No one ever does the wrong thing. That is the scary reality of bearing witness, as moral outsiders, to acts that certainly, and most definitely are, wrong. It’s scary because no one will ever murder, steal, or lie until they believe it is the right thing to do. And in that moment of rationalization comes the first scrape towards the overall whittling of the soul – an erosion that becomes exponentially less obvious to the wrong-doer with each poorly-considered act. Barring circumstances that could put these acts into a gray area (i.e. stealing food to feed a starving family, killing in self-defense, lying to protect someone innocent) the witness thereof creates repulsion, sadness, anger, and a sense of lost footing. Especially when the act is tasked by someone close.
Our trust falters. Our eyes narrow. Our perception of people becomes seemingly keener. Our default observation of character slides a few notches into the negative. Everyone becomes suspect. In this justified paranoia we meet with our own ability to rationalize. In such crisis we unconsciously muse: “If this person could do this to me, so could anyone else.” We fight the hurt – and the embarrassment of having trusted someone of such capabilities – by building new walls and keeping those people who were only moments ago close to us, at a new distance. What a thief takes, in addition to our money or belongings, is our ability to see through uninflected eyes.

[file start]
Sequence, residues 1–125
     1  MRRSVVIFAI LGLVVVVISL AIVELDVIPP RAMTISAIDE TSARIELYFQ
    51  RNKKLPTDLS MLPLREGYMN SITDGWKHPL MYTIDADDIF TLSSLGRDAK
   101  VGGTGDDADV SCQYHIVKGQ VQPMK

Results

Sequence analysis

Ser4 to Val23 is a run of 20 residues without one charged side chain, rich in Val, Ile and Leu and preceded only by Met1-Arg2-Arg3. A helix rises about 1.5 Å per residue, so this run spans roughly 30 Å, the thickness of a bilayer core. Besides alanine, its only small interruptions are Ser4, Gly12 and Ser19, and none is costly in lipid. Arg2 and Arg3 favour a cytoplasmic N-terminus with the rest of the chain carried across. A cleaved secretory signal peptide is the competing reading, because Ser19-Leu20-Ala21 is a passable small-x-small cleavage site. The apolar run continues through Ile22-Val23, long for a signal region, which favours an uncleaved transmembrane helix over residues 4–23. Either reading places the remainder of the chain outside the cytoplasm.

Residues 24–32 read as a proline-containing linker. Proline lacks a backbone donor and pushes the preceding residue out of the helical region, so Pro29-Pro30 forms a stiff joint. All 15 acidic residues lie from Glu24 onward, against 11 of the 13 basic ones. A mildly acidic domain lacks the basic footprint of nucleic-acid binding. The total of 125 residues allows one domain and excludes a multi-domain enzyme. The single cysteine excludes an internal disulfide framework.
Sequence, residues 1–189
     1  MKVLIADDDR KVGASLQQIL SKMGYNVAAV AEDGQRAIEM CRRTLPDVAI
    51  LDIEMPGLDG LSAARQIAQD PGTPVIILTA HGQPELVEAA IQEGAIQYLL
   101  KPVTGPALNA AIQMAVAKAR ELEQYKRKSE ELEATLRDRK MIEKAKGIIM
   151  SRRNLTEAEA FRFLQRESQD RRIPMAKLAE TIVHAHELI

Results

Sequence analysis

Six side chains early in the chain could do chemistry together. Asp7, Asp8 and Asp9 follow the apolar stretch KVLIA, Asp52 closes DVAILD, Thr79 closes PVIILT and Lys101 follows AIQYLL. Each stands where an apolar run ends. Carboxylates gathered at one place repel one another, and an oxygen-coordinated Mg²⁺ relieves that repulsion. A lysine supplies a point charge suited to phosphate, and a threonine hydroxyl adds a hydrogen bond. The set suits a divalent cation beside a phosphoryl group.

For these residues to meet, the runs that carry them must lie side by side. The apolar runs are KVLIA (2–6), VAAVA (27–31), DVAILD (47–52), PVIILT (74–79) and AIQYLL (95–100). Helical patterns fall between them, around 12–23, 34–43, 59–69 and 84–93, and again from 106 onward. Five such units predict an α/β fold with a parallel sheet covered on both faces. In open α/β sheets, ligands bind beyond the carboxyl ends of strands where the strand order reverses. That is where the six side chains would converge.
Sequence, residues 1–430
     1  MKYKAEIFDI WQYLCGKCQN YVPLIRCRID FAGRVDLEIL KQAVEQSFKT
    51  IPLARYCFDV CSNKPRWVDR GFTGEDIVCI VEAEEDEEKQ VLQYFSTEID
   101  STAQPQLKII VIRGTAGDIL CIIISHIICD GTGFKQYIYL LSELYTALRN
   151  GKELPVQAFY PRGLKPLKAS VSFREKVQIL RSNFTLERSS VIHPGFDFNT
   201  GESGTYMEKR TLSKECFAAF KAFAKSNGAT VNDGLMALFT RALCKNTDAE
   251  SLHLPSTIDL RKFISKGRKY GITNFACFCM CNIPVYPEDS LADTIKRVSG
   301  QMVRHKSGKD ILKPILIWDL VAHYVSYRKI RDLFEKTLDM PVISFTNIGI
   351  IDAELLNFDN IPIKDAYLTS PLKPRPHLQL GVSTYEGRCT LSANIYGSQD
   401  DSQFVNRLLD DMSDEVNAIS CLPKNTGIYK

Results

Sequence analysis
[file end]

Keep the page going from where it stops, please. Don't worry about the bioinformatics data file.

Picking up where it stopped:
Bouncing back against this shot to our sense of trust, family, and friendship isn’t easy. We find ourselves every day surrounded by family. An appeal to reason would recommend we simply separate this from that – presupposing that the discarding of a bad seed from our home would leave behind no psychological or emotional spoils. An untruth, to say the least, because while our minds deal with things quick – as they are programmed to do – our hearts heal slower.
I have no solutions for this, unfortunately. Time, they say, heals all wounds – so perhaps we can only default to that. It’s hard for me to imagine that there exists a grand romantic gesture with the power to set right the now-marred concept of trust, to bring back the full-scope of friendship, and to close the gaps between the elements of a shaken unit.
But, time not only heals wounds, it also strengthens and redefines. Through crisis we find truth and kinship. Bonds are reinforced and the family unit becomes more powerful, more capable, and more able to see clearly a shared vision.